Kansas Lags All States On Coronavirus Testing, Which Could Make Reopening Harder
The state's ongoing struggle to get nose swabs and other supplies to see who has COVID-19 could hamper efforts to find a safe path back toward normal life.
Lawrence, KANSAS — The looming expiration date on Kansas’ statewide stay-at-home order worries Mary and Gary House of southeast Kansas.
Though they’re staying in as much as possible now, once life returns to normal that will change. Gary, age 79, is an attorney who defends criminal cases in Chautauqua, Montgomery and Elk counties.
He thinks of the exposure to the novel coronavirus he could face in a single jury selection.
“They may bring in 70 or 80 prospective jurors to question,” he said. “So, you’re just around a lot of people.”
The Houses want Kansas to heed the advice of epidemiologists who say states need widespread and reliable access to testing before reopening their economies.
Yet as of Sunday, Kansas had the lowest rate of testing among all 50 states. About six of every 1,000 residents have been tested.
The Kansas News Service compared total tests per state — compiled daily by the COVID Tracking Project — to 2019 population estimates from the U.S. Census Bureau.
“What we’re really concerned about is there’s not enough testing,” Mary House said. “If you want to get tested, you ought to be able to get tested.”
Kansas upgraded its testing equipment when the pandemic hit and can handle up to 1,000 tests at the state laboratory in Topeka per day. But a shortage of specialized nose swabs and other related materials have slowed the actual pace.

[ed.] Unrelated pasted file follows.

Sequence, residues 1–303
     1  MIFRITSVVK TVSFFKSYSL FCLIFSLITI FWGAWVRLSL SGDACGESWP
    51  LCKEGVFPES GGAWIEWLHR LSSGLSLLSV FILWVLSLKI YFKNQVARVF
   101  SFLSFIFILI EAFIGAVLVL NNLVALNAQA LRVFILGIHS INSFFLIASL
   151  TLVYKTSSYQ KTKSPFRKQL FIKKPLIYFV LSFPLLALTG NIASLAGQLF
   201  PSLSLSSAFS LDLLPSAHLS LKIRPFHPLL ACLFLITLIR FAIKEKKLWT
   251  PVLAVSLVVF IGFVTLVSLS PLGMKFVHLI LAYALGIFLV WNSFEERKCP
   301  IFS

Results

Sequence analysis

County health agencies hit similar hurdles. Some hospitals and clinics relying on private labs for testing report backlogs that keep patients waiting on results anywhere from a few days to more than a week.
Gov. Laura Kelly has signaled her administration won’t let up on the stay-at-home order she issued in March until testing access can reliably track the disease, even though daily death counts are projected to decline in Kansas in the coming days and weeks.
“If we move forward prematurely,” before testing supplies and contact-tracing capacity are robust and sustainable, she said Monday, “then we will inevitably find ourselves facing a second wave.”
Health secretary Lee Norman said Monday that the state lab had just received 5,000 additional swabs from the federal government amid the concerns about COVID-19 spreading in meatpacking plants of southwest Kansas. Kansas dental offices have also begun producing them on their 3D printers.
The state has nearly 2,000 confirmed cases of COVID-19, but the real number could be many times higher. Only about 19,000 people had been tested statewide as of Monday.
The virus has killed 100 Kansans and hospitalized 400.
Testing rates vary widely by county, even among the state’s most populous areas.
Fewer than 5 in 1,000 residents have been tested in Wichita and Sedgwick County, compared to more than 10 in 1,000 in Topeka and Shawnee County.